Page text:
The Mini Tuocha 2012 Shu Puer Tea, made from leaves from ancient trees, uses Shu Cha, the classic process common to all puer shu, with a processing stage in huge heated rooms in which the leaves are spread out on the floor and piled, repeatedly soaked and then covered with cloths to speed up the fermentation process (“shu” means, precisely, “cooked”).
The profile is aromatic and sweet, with a soft, enveloping body.If properly stored, its flavor will intensify and become more complex over time through aging.
Each mini Tuo Cha is individually packaged in 5-6 gram pieces, perfect for a small teapot if used whole or suitable for a single cup if crumbled to make smaller portions.
Place of origin
Manen village, Menghai, Yunnan province of China.
Aged Puer tea is characterized by a fermentation process by microorganisms that change its taste and aroma.
This type of Puer tea, also often called “ripened” or “cooked,” has a rich, smooth flavor with a hint of underbrush and moist earth. Unlike many other teas that should be consumed immediately after production, such as green and white teas, Puer tea can be infused immediately or it can be stored and aged for many years, just like a good wine.
Most Puer teas are classified according to the year they were produced and according to the region where they were grown, just like many vintages of wine. In fact, when it comes to Puer tea, the longer it is properly stored and aged, the more complex the flavor becomes and the more valuable the tea becomes.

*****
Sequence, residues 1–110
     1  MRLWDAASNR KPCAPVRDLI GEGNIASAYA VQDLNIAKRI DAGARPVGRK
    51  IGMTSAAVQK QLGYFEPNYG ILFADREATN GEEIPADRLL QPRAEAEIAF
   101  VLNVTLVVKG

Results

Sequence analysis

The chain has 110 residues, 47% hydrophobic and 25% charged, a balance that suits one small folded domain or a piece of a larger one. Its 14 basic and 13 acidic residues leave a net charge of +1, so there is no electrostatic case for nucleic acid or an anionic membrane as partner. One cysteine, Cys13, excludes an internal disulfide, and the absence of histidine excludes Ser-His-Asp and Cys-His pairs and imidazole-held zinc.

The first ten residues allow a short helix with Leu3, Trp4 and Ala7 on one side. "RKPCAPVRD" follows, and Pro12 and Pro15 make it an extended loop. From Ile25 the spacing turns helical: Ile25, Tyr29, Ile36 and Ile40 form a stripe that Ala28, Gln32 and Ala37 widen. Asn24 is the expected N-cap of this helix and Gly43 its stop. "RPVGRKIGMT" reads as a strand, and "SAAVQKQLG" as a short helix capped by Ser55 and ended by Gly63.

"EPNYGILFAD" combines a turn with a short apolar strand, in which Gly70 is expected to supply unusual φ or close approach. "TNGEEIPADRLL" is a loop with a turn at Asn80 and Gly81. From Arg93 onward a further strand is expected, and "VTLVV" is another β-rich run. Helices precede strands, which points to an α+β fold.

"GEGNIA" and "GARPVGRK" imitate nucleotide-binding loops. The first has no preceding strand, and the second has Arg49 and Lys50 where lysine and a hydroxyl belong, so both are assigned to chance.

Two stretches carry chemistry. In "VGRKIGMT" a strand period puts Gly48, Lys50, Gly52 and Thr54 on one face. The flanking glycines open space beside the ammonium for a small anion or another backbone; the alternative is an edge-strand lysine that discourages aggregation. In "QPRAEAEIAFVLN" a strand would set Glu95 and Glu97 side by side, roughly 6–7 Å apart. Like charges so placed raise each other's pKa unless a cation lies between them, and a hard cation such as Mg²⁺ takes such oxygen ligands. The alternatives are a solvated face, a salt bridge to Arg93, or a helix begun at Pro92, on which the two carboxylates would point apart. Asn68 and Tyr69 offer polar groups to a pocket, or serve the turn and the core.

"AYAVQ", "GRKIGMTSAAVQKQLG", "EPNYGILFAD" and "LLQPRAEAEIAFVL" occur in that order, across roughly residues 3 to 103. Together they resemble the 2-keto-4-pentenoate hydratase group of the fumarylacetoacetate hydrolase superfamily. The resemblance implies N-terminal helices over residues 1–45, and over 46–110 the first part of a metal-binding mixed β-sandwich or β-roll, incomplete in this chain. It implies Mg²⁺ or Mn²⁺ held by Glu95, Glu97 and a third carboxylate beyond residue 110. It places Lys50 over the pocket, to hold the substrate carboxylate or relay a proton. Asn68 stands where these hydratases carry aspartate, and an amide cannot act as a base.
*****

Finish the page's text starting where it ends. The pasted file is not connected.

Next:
How to Prepare Mini Tuocha 2012 Shu Puer Tea
It is generally expected that Puer will be served Gong Fu style, usually in Yixing accessories or in the traditional Chinese tea cup, called gaiwan, with a capacity of about 150 ml. By following this preparation, multiple infusions can be made with 5 grams of leaves that are useful to best capture all the flavor nuances of the tea.
Heat the water to a temperature of 95°C: proceed to briefly rinse the leaves and then to an initial 20-second infusion. Keeping the water at the same temperature, you can then continue to exploit the same leaves by adding more water and increasing the infusion time by 5 seconds each time (20 – 25 – 30 – 35…).
This tea has a longevity of 8 infusions.
Prolonged Western-style infusion can produce dark, bitter and unpleasant infusions. The aged quality of Puer can produce many more infusions, with different shades of flavor when the traditional Gong Fu method is used.
Storage: Store in a cool, dry and dark place.